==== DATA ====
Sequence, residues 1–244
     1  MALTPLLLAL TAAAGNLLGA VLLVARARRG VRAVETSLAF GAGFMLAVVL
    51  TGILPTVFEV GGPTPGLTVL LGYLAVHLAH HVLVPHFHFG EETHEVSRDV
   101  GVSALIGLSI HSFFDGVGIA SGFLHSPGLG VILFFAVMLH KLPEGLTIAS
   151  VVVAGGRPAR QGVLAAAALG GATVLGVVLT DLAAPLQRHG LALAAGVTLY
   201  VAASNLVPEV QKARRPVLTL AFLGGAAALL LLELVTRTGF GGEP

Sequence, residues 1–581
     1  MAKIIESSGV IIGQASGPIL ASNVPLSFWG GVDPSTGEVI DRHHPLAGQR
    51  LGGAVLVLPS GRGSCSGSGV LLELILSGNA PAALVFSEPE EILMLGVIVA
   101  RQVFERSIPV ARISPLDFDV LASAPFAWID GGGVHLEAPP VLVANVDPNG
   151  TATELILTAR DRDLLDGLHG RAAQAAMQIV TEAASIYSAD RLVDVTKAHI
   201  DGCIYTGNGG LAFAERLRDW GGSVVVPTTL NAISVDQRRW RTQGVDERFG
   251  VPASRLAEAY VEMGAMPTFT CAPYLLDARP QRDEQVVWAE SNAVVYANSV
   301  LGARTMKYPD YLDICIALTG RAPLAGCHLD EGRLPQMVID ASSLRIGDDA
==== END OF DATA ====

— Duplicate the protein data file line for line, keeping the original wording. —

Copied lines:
Sequence, residues 1–244
     1  MALTPLLLAL TAAAGNLLGA VLLVARARRG VRAVETSLAF GAGFMLAVVL
    51  TGILPTVFEV GGPTPGLTVL LGYLAVHLAH HVLVPHFHFG EETHEVSRDV
   101  GVSALIGLSI HSFFDGVGIA SGFLHSPGLG VILFFAVMLH KLPEGLTIAS
   151  VVVAGGRPAR QGVLAAAALG GATVLGVVLT DLAAPLQRHG LALAAGVTLY
   201  VAASNLVPEV QKARRPVLTL AFLGGAAALL LLELVTRTGF GGEP

Sequence, residues 1–581
     1  MAKIIESSGV IIGQASGPIL ASNVPLSFWG GVDPSTGEVI DRHHPLAGQR
    51  LGGAVLVLPS GRGSCSGSGV LLELILSGNA PAALVFSEPE EILMLGVIVA
   101  RQVFERSIPV ARISPLDFDV LASAPFAWID GGGVHLEAPP VLVANVDPNG
   151  TATELILTAR DRDLLDGLHG RAAQAAMQIV TEAASIYSAD RLVDVTKAHI
   201  DGCIYTGNGG LAFAERLRDW GGSVVVPTTL NAISVDQRRW RTQGVDERFG
   251  VPASRLAEAY VEMGAMPTFT CAPYLLDARP QRDEQVVWAE SNAVVYANSV
   301  LGARTMKYPD YLDICIALTG RAPLAGCHLD EGRLPQMVID ASSLRIGDDA